The point, of course, is obesity is caused by eating too many calories and not exercising sufficiently to burn off the excess. Banning Happy Meals won’t change that at all. As Tanya Zuckerbrot, a NY dietician noted, “it doesn’t matter if you’re eating Twinkies or Brussels sprouts – it’s all about your caloric intake.”
And unless the state plans on issuing meals and monitoring your every bite, banning a specific meal isn’t going to change the habits that have caused someone to become obese. Nor will bans on salt, sugary drinks or any other choice the nanny-staters think they can take from the public. It is a fairly simple concept to understand – “The laws of thermodynamics dictate that if you consume fewer calories than your body burns, you will create a caloric deficit resulting in weight loss.”
Yet those like Ozersky choose to ignore it in favor of government action to take choices and freedoms away from people. McDonalds is obviously – at least in progressive circles – an evil purveyor of bad “processed” food. And progressives believe it is their sworn duty to protect you from yourself and those corporations which prey on you.
Why? Because you’re brainwashed:
Again and again, efforts to promote fresh fruit and produce in low-income urban areas have failed for the simple reason that Americans have been brainwashed. We have been conditioned, starting in utero, to prefer high-fat, high-salt, high-sugar concoctions rather than their less exciting, more natural culinary cousins.
Really? I simply don’t recall that as being conditioned preference of mine. Instead, visits to places such as McDonalds were irregular and not particularly common. They were “treats” on occasion. But they were hardly conditioning me for such a diet.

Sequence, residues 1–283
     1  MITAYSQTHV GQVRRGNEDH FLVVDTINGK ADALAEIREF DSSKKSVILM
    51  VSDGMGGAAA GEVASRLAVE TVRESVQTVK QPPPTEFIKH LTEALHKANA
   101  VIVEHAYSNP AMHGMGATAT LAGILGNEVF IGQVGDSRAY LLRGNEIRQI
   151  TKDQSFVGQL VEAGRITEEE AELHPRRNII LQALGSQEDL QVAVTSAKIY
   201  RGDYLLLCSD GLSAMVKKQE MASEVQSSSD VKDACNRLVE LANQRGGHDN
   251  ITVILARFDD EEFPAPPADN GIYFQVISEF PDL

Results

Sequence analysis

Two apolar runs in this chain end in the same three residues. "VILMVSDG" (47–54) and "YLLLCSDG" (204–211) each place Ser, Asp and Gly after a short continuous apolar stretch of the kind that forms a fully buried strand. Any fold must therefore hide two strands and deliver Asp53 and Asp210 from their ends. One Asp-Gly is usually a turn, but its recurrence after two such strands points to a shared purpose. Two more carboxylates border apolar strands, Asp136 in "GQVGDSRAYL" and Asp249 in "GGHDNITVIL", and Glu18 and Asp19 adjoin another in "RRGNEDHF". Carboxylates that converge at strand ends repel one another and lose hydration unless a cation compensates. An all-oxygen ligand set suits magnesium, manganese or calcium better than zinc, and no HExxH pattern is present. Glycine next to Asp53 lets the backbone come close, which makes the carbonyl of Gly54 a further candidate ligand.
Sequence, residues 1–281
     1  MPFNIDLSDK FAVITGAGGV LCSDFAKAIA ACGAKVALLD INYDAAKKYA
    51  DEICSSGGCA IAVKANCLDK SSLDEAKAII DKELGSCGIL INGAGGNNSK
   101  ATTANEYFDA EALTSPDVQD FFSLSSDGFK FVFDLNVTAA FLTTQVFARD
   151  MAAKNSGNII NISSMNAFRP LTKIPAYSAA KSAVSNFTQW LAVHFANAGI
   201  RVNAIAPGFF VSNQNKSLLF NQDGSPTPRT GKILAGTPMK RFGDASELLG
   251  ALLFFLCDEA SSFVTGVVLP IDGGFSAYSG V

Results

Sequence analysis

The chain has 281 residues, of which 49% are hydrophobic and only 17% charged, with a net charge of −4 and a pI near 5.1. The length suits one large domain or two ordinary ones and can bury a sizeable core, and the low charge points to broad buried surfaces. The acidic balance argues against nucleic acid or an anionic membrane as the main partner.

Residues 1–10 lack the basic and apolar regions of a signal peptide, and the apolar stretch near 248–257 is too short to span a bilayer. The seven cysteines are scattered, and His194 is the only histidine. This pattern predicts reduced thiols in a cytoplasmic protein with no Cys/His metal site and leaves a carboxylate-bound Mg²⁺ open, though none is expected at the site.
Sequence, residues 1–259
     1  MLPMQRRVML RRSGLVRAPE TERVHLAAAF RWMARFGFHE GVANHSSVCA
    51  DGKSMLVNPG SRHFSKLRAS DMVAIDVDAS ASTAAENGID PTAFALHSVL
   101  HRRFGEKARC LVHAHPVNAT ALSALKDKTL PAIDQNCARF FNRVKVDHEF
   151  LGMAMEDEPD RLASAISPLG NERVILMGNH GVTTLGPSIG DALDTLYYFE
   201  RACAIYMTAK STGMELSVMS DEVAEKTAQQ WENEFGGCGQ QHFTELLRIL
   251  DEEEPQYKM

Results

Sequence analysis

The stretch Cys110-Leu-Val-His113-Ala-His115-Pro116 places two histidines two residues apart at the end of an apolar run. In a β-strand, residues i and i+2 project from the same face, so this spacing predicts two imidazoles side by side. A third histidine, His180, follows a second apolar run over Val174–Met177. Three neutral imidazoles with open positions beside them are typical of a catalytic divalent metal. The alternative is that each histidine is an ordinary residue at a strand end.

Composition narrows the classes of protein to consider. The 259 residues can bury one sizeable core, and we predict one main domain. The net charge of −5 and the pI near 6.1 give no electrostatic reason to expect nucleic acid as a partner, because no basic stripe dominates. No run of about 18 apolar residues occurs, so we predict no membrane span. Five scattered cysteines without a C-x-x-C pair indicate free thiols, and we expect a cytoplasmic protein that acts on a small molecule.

Where such conditioning takes place, if anywhere, is in the home. It is there the bulk of all food is consumed and, pretty much, in the quantities desired. It is there where children (and adults) are either encouraged to be active or left to decide for themselves (play outside or do XBox) their activity level.
Banning toys in Happy Meals is simply an intrusion with no effect. It’s an exercise in power, nothing more. It has no beneficial effect and it is another in a long line of government imposed restrictions on freedom.
In his conclusion, Ozersky asks, “And why are eight people in San Francisco the only ones who seem willing to step up and do something unpopular to address such a serious issue?”
Because they’re as enamored with the power they wield as Ozersky seems to be and just as clueless. This isn’t about doing anything to address a "serious issue". This is an exercise in power cloaked in some feel good nonsense. It is about a group of people who feel they are entitled by their position to decide what is or isn’t acceptable for others and how those others should live their lives. This isn’t about doing something good, this is about stretching the envelope and seeing if they can get away with it.
If in fact they are allowed too, you can spend hours imagining what they’ll next decide you’re too stupid to realize or control and need their enlightened and progressive hand to stay you from your self-destructive ways.
Freedom is choice – and this bunch of progressives are all about limiting choice.
ASIDE: check out the comments to the Ozersky article. Heartening.